Health / Pharma

Xbox Fitness: How Microsoft plans to use big names and big data to whip you into shape

Fitness has been a part of the Kinect experience since the sensor was first released, but Microsoft’s upcoming Xbox One reinvents the experience from the ground up. In the past, users were stuck in a fitness video game featuring digital avatar hosts and odd virtual worlds. But Microsoft’s new and highly detailed Kinect sensor enables an entirely new type of interactivity on the Xbox One, making use of muscle mapping, balance calculations, and limb orientation detection. Fitness on the Xbox One isn’t just about awkward video game workouts with big motions like squats and lunges — Microsoft is trying to open up the platform to established exercise programs and create an experience based on perfect balance, form, and intensity.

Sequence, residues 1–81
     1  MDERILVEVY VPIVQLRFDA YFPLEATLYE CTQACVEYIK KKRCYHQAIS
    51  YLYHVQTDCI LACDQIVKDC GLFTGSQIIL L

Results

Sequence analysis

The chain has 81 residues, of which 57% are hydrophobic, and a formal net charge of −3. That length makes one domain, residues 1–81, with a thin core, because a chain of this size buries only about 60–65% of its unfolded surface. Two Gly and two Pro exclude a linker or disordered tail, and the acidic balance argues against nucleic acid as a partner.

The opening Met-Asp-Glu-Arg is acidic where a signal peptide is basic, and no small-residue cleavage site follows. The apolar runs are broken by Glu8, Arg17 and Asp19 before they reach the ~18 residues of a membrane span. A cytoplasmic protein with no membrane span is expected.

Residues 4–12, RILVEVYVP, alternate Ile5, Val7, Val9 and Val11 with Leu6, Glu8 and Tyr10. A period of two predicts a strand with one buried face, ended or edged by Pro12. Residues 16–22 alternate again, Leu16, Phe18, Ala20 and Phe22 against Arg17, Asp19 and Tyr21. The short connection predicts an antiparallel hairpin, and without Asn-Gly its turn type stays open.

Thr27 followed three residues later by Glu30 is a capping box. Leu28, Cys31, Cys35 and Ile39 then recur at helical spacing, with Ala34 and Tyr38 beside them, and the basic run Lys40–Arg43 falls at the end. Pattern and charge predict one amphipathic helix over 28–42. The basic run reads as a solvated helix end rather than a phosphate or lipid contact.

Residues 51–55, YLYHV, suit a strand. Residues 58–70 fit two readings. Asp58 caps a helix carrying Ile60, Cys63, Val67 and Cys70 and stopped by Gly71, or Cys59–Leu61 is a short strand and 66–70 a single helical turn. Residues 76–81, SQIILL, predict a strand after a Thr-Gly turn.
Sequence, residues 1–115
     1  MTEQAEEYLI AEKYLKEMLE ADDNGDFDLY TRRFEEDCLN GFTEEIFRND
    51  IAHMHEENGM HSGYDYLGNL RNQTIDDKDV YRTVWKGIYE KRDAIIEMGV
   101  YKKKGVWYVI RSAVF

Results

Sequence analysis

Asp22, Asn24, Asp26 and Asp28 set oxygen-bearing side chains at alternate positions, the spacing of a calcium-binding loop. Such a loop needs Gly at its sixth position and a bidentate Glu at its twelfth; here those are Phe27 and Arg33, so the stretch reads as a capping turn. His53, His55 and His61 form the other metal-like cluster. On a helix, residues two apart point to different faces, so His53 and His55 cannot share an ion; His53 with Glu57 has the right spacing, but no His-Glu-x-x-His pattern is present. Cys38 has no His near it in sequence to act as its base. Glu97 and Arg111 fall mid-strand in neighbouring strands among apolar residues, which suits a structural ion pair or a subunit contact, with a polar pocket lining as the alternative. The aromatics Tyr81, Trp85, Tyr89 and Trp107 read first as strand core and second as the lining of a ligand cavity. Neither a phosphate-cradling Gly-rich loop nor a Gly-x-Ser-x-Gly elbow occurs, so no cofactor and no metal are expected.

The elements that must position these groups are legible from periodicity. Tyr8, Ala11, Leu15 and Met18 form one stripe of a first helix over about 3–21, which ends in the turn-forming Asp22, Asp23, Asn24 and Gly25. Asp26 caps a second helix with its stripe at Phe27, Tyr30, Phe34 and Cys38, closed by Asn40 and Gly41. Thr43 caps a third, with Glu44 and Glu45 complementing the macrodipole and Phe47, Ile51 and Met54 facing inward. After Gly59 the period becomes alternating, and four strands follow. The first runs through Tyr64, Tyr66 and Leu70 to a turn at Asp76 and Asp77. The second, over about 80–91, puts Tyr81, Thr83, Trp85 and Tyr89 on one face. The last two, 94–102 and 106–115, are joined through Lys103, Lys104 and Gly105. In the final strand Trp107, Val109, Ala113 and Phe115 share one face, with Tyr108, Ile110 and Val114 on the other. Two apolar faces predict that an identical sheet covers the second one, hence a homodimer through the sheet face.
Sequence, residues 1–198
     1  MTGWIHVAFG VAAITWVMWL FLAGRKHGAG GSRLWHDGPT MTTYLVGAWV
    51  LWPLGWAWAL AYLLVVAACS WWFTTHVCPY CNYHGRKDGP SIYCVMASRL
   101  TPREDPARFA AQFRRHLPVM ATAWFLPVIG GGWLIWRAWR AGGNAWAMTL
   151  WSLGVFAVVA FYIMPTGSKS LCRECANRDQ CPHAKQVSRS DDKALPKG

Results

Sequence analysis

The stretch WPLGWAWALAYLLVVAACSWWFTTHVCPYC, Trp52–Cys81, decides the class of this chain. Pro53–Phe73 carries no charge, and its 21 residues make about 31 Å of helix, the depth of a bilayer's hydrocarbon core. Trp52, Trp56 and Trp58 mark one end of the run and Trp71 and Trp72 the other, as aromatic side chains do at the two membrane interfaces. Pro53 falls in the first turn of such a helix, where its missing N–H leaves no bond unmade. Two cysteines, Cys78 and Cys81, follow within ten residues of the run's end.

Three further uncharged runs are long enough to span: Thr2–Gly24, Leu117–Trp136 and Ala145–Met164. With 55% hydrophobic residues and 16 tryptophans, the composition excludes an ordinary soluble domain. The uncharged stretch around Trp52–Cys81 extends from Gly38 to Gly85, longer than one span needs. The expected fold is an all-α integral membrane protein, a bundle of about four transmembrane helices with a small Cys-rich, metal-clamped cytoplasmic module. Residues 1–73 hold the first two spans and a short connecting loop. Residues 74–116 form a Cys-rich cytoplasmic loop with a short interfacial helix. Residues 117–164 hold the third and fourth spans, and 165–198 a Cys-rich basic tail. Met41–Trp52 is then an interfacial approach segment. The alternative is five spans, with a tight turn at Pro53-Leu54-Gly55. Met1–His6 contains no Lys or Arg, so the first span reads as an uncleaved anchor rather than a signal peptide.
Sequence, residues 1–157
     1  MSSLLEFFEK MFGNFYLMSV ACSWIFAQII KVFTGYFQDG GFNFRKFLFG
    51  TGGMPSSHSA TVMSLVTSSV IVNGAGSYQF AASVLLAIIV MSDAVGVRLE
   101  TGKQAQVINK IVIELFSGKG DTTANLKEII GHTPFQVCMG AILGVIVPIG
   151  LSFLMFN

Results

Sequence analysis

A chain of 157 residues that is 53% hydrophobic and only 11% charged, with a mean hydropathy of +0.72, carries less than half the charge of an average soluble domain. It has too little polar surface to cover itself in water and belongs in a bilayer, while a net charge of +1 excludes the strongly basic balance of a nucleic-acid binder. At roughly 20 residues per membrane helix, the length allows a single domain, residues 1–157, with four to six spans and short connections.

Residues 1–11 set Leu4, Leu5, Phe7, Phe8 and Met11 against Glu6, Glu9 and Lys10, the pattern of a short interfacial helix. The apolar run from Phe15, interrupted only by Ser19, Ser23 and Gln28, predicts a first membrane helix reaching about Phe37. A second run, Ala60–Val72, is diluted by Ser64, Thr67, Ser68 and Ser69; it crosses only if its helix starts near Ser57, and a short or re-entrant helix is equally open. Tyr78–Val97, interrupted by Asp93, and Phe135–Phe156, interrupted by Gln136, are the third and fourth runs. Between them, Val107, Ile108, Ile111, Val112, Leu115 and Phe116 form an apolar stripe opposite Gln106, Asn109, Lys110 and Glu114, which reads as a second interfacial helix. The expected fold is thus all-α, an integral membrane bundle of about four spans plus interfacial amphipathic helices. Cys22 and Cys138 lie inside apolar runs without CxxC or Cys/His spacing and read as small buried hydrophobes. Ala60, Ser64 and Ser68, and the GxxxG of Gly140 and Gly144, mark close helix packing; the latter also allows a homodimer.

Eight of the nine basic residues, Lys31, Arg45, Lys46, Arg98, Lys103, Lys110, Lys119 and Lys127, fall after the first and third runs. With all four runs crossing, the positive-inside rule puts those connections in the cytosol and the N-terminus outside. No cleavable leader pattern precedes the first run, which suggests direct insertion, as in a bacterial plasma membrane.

The Xbox One is launching with a few big-name programs, such as Tony Horton’s P90X and Shaun T’s Insanity, along with workouts from well-known trainers like Tracy Anderson and Jillian Anderson. Titles can be purchased individually, for about the same cost as buying the DVD, or are available free for Xbox Live Gold members through December 2014 (subscription pricing after that date still hasn’t been finalized).

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